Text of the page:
The City of Dublin has partnered with the U.S. Forest Service to conduct a study of the American Elm tree.
The U.S. Forest Service has been working for decades to develop American Elm trees that are tolerant to Dutch Elm Disease (DED), the disease responsible for killing millions of American Elm trees. As part of a 10-year study that launched in Fall 2019, three American Elm Trees have been planted in Coffman Park, across from Coffman Pavilion.
Testing has determined that these American Elm selections are highly tolerant to the disease:
- Sunfield: Clone of a large survivor elm in Sunfield, MI
- RV16: Clone of a seedling from two DED-tolerant American elm parents
- RV474: Clone of a seedling from two DED-tolerant American elm parents
DED-tolerance is critical to restoring American Elm, but is not the only trait of importance. American Elms planted in cities and towns need to tolerate many stressors, such as soil compaction, exposure to road salt, sunscald, drought and heat. To test a variety of urban environments, the trees have also been planted in Columbus, OH, Philadelphia, PA and Newark, DE as part of the study.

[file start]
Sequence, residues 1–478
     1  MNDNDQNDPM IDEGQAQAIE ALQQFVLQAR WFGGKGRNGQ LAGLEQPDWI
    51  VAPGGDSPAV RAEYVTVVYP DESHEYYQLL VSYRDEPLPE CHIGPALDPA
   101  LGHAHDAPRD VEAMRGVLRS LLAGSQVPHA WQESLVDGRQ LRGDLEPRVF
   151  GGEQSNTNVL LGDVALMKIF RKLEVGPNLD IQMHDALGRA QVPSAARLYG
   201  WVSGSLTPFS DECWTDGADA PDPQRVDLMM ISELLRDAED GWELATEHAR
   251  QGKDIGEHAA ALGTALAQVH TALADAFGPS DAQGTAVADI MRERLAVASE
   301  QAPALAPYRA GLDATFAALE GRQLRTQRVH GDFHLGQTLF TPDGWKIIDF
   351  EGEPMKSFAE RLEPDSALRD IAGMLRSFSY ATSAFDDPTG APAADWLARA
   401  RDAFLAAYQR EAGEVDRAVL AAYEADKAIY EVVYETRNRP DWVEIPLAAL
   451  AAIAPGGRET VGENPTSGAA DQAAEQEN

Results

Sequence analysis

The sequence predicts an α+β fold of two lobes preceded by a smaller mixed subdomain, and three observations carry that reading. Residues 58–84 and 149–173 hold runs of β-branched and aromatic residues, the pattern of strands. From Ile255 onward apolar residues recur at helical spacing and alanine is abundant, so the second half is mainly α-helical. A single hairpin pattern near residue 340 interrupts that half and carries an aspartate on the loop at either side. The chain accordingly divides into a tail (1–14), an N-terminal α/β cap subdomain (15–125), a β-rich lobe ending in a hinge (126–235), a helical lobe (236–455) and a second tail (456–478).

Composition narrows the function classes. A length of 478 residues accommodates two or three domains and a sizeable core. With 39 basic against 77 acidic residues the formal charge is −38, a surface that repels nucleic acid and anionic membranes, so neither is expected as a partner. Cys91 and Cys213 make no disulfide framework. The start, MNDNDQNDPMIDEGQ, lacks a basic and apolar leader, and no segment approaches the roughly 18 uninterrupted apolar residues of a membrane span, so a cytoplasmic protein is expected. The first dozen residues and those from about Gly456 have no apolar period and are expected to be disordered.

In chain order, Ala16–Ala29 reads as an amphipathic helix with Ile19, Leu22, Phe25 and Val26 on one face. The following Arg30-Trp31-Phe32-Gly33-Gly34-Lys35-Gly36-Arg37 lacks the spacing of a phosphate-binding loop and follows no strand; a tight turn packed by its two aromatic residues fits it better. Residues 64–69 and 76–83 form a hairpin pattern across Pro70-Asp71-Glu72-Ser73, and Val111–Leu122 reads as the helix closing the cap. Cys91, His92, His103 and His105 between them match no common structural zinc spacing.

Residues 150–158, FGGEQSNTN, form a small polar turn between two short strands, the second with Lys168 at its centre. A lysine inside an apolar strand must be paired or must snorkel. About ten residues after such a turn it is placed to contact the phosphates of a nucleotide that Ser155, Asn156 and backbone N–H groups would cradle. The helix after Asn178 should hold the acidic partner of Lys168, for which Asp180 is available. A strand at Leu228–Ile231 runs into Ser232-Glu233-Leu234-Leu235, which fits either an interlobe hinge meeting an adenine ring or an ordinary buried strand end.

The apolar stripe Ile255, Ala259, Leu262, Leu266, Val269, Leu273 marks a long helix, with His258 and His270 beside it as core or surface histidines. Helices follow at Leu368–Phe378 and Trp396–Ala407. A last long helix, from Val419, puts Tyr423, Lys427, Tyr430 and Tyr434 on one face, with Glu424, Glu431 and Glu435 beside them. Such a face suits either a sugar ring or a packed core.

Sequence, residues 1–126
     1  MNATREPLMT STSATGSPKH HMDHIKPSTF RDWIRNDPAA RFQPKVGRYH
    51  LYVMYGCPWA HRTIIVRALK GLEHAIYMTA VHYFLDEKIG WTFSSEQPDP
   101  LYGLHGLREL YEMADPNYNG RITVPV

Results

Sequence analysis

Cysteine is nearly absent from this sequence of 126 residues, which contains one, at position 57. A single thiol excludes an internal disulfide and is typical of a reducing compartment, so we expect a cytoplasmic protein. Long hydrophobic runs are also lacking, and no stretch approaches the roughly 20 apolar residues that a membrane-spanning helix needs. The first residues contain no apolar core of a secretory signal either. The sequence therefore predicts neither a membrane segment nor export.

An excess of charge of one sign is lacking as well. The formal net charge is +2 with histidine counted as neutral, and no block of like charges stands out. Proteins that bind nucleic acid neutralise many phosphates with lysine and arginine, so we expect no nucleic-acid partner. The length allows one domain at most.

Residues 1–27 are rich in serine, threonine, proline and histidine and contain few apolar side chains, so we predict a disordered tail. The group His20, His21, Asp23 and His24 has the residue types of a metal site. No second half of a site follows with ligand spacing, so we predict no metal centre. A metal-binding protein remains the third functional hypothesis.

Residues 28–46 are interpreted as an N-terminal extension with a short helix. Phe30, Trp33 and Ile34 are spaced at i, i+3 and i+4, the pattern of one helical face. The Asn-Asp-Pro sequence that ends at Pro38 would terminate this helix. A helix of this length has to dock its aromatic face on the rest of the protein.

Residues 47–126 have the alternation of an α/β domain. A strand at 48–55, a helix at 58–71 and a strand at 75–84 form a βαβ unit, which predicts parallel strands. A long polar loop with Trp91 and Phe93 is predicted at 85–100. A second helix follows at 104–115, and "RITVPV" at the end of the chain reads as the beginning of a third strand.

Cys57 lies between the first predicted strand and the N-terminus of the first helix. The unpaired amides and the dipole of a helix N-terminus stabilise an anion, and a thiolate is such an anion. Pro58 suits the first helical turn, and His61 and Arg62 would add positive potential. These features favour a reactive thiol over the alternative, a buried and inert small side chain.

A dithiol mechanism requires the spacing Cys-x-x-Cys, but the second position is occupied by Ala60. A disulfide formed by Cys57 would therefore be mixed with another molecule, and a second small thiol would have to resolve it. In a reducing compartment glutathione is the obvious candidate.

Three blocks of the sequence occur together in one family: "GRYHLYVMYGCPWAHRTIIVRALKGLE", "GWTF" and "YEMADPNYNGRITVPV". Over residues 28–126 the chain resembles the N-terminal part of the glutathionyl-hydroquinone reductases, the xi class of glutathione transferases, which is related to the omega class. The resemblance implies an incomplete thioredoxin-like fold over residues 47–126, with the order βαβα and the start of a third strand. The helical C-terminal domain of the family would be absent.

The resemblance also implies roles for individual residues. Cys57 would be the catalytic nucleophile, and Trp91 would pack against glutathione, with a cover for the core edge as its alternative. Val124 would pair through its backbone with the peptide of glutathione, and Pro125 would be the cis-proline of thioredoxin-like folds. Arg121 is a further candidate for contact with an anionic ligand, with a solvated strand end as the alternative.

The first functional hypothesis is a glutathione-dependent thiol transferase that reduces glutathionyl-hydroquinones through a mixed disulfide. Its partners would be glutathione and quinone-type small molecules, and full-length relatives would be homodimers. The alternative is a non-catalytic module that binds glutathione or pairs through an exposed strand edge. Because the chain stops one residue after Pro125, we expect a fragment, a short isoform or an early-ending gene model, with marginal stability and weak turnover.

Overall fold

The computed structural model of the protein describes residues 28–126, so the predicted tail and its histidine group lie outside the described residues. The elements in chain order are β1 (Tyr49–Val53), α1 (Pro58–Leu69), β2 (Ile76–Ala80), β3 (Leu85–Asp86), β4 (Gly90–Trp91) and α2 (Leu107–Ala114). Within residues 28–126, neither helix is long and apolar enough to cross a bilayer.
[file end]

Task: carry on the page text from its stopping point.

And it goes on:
The trees have been planted between 16 and 30 feet apart in a row (or triangle), without competition from other trees or shrubs, and ideally in a location where they will receive full sunlight. Gel irrigation mats and 5’ tall fencing will be installed around each elm. Tree survival, growth, health, and form will be evaluated over time.
Study collaborators include the U.S. Forest Service, Northern Research Station; University of Delaware; Davey Tree Expert Co.; Metro Parks; municipalities; and other property owners.